Psychologist Carin Perilloux at Williams College, and Judith A. Easton and David M. Buss of University of Texas at Austin said the study involved 96 male and 103 female undergraduates, who were put through a "speed-meeting" exercise -- talking for 3 minutes each to five potential opposite-sex mates.
Before the conversations, the participants rated themselves on their own attractiveness and were assessed for the level of their desire for a short-term sexual encounter. After each meeting, they rated the partner on a number of measures, including physical attractiveness and sexual interest in the participant.
The model afforded the ability to test the participants in multiple interactions.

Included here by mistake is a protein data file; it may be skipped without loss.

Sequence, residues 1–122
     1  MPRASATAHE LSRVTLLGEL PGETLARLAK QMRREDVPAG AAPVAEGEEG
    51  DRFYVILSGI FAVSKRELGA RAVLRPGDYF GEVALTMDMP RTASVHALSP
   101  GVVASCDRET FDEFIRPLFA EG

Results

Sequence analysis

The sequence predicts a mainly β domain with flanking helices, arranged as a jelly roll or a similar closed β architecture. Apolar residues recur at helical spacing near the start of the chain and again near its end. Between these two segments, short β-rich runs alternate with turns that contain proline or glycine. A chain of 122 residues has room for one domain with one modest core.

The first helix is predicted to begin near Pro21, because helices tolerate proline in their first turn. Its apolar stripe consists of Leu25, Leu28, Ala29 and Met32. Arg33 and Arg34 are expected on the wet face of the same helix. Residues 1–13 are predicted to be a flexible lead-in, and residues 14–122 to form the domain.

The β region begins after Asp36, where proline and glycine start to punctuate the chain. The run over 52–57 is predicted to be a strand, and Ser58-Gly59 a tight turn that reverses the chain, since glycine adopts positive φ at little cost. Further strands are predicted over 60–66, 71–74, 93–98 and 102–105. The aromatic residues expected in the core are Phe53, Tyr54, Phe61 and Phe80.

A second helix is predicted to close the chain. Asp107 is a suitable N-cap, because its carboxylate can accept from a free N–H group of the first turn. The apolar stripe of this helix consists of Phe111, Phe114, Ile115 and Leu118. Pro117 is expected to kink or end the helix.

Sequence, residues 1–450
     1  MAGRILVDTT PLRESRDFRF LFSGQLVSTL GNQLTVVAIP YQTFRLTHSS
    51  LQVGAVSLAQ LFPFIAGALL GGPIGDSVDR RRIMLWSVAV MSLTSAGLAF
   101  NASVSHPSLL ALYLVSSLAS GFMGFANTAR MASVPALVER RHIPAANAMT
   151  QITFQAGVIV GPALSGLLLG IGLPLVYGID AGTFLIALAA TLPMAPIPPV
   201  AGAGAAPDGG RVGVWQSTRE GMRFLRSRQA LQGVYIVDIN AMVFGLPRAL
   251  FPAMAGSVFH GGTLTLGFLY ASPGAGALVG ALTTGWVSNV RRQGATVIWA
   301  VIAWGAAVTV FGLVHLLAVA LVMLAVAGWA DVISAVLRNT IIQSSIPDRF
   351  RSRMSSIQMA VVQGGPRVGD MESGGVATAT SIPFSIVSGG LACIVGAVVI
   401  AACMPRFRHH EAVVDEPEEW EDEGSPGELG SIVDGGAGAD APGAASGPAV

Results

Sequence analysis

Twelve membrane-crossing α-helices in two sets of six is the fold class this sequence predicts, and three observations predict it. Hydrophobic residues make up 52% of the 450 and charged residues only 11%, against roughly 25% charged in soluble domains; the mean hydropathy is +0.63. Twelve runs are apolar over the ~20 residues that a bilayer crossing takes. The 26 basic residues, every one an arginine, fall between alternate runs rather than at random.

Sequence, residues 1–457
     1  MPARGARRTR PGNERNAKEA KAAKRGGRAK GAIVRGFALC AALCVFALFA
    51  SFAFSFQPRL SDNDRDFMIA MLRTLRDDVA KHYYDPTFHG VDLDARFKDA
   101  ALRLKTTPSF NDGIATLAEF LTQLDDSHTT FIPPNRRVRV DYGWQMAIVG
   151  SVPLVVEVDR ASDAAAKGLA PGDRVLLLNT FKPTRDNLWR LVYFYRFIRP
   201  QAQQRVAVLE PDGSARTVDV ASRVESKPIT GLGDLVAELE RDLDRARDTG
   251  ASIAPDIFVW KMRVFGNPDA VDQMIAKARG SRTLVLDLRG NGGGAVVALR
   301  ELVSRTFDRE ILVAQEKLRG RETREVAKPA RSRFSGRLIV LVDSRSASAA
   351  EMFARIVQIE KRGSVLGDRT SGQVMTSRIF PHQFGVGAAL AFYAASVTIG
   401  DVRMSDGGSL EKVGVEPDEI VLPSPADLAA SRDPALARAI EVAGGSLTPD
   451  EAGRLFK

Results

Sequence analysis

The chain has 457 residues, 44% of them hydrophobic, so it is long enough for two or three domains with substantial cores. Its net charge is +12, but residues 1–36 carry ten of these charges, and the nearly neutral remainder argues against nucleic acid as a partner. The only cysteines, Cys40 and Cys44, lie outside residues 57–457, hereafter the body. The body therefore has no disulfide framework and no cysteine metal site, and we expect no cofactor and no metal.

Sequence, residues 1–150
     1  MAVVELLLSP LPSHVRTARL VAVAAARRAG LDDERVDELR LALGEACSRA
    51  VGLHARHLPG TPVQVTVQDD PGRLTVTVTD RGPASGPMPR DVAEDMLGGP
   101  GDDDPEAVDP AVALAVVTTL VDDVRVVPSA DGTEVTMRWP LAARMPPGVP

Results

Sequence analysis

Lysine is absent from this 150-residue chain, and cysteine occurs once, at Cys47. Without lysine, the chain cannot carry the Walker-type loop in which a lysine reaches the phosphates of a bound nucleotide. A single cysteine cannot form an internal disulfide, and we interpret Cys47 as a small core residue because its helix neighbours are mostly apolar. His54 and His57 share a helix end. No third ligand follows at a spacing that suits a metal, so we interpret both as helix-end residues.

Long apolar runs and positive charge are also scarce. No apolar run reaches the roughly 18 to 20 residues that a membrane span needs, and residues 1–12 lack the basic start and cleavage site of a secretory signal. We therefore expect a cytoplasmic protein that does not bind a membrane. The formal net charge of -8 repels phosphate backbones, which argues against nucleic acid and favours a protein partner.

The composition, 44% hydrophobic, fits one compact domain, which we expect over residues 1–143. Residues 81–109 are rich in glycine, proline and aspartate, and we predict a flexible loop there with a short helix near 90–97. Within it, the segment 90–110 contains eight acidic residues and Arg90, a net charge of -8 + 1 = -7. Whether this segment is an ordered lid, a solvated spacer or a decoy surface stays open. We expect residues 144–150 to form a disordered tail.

The study, scheduled to be published in the journal Psychological Science, found men looking for a quick hookup were more likely to overestimate the women's desire for them. The researchers found men who thought they were hot also thought the women were hot for them -- but men who were actually attractive, by the women's ratings, did not make this mistake.
The more attractive the woman was to the man, the more likely he was to overestimate her interest, while the women tended to underestimate men's desire, the study said.
The research contains messages for daters. Perilloux said women should know the risks, and be as communicative and clear as possible. Men should know that the more attracted you are, the more likely you are to be wrong about her interest.